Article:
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Protecting Your Doors from Winter Weather

Protecting Your Doors from Winter Weather

Whether it be rain, snow, wind or just cold days, winter months mean weather changes that impact every part of daily life in Fall River. And while we might be quick to adjust our wardrobe or thermostat setting to face the challenges brought by Mother Nature, one of the sturdiest defenses against the weather often goes overlooked: our doors.

Your front door is more than just a welcoming entrance to your home or reflection of style for your visitors. It’s also a sturdy barrier keeping you from blustery weather that awaits on the other side. Just like any other part of our homes, it’s important to make sure your door is not only operating properly, but also keeping your home guarded from the cold during the winter months.

A door that doesn’t keep out the cold can mean higher energy bills and a generally uncomfortable home. Left unchecked, some problems might end with the need for a new replacement door. Don’t let things go that long! Winter is a great time to review the symptoms of a door that might be showing signs of damage, as well as the steps you can take to make sure your door is in the best working condition. 

What To Look For:

  • Sticking

    When the air gets chillier, wooden doors, or those created with wood fibers, begin to contract. After temps get warmer, they expand.

    Over time, this expansion and contraction can start to show, causing doors to change their size and shape. Since most doors are cut to specific door frame sizes, any type of warping can result in a door catching on the frame. This can be seen in a door that seems more difficult to open and close. In many cases this begins at the bottom of the door—due to gravity.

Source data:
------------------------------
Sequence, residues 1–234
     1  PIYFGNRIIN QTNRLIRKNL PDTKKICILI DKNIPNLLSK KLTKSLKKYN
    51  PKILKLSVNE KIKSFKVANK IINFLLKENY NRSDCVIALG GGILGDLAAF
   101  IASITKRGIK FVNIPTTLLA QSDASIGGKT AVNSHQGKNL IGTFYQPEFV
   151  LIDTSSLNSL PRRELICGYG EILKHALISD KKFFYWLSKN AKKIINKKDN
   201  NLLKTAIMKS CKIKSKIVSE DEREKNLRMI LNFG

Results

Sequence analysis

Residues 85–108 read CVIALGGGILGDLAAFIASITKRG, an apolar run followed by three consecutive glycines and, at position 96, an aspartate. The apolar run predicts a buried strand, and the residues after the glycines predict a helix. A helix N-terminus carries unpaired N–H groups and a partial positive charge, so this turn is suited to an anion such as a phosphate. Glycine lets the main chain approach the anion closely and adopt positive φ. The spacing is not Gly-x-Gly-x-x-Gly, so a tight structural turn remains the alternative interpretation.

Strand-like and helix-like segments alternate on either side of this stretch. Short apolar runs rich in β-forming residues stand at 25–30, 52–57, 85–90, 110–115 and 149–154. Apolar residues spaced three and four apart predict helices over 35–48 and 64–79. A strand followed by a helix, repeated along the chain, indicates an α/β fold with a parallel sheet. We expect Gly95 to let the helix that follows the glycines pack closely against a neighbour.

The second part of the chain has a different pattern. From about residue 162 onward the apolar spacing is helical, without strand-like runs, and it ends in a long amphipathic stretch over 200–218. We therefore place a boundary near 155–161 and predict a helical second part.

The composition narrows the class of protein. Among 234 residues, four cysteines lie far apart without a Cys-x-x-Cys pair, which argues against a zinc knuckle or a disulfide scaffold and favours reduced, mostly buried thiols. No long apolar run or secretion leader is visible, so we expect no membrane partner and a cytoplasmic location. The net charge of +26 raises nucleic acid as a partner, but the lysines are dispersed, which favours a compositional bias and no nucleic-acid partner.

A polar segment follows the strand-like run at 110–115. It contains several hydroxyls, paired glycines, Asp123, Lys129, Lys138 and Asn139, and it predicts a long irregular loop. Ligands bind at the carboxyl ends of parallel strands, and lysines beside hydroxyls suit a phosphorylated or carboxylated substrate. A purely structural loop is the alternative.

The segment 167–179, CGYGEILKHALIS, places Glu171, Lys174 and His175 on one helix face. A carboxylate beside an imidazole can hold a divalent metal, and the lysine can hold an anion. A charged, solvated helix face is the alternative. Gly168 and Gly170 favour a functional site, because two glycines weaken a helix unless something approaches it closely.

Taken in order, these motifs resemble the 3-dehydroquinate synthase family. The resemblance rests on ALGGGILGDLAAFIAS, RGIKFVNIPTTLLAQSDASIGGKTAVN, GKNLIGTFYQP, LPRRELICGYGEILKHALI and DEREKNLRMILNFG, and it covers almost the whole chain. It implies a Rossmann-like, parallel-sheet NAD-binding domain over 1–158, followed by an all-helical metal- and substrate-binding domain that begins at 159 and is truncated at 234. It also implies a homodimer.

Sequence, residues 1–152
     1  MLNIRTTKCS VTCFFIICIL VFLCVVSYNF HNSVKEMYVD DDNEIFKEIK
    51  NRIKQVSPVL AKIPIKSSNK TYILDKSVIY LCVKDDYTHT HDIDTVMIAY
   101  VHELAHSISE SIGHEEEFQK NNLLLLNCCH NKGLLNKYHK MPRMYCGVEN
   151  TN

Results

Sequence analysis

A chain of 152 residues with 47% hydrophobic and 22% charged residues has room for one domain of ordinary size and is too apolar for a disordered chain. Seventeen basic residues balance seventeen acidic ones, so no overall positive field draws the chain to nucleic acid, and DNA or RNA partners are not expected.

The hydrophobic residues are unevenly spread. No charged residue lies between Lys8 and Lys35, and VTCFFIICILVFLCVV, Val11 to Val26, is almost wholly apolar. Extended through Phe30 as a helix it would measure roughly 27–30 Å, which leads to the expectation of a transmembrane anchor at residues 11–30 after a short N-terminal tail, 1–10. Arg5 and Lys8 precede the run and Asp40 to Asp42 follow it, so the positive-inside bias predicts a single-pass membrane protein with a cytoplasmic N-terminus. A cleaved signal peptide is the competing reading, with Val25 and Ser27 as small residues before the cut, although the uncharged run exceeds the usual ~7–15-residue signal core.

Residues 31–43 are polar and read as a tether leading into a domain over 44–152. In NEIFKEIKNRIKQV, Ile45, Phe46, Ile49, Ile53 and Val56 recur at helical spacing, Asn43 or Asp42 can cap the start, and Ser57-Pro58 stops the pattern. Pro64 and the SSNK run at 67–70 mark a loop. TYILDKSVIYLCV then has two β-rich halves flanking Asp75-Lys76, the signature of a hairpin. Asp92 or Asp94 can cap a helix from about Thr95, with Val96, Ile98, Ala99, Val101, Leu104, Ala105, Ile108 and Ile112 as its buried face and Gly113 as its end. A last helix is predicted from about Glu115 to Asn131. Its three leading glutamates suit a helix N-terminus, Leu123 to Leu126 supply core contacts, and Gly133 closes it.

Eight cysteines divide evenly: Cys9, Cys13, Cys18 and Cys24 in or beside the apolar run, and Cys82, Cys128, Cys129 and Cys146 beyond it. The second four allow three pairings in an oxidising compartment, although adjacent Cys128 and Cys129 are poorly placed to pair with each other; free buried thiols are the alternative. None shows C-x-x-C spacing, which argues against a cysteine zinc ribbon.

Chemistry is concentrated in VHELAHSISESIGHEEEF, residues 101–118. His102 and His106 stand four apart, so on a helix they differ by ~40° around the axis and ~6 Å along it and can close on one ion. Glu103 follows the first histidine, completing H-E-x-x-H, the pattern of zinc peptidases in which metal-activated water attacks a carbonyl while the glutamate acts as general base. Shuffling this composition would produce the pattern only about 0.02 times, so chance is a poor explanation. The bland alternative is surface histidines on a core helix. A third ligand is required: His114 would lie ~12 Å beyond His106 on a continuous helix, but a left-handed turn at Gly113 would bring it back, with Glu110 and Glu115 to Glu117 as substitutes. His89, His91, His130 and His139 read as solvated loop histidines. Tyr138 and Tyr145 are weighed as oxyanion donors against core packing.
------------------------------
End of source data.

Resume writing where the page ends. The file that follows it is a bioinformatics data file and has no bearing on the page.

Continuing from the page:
Left unrepaired, this warping can cause gaps between the door and the frame that bring in outside air. While these gaps often go unnoticed, the effect on your home temperature can be noticeable, even with a small gap. Without intervention, warping can lead to larger gaps, more sticking and eventual issues with loosened hinges that could create significant door damage. 

  • Cracking

    Just as the cycle of changing temperatures can cause changes to doors, changes in humidity can also effect doors over time. These humidity changes often come from indoors. Wintertime presents a specific challenge as home heating systems can cause a decline in indoor air humidity.

    Over time, this humidity drop can cause cracking in doors. Dry air will absorb moisture from any available source – including the moisture stored inside your wood door – and this can cause undesirable warping and cracking.

    Cracking won’t have the long-term structural effects that can come with warping, but it can play a significant role in your door’s look. It will be especially evident in the inner paneling and door frame. As paint drains moisture due to reduced humidity, it also loses its flexibility. If the wood below the surface also begins to do the same, the paint will move as well. Notably at joining sections of the door panel and frame, this could result in not only paint cracking but, if left ignored, paint chipping off.

Keeping doors healthy in winter

Colder weather can have a meaningful impact on your front doors. But knowing what causes the damage makes it easy to identify ways to make sure your doors don’t suffer the full force of the elements.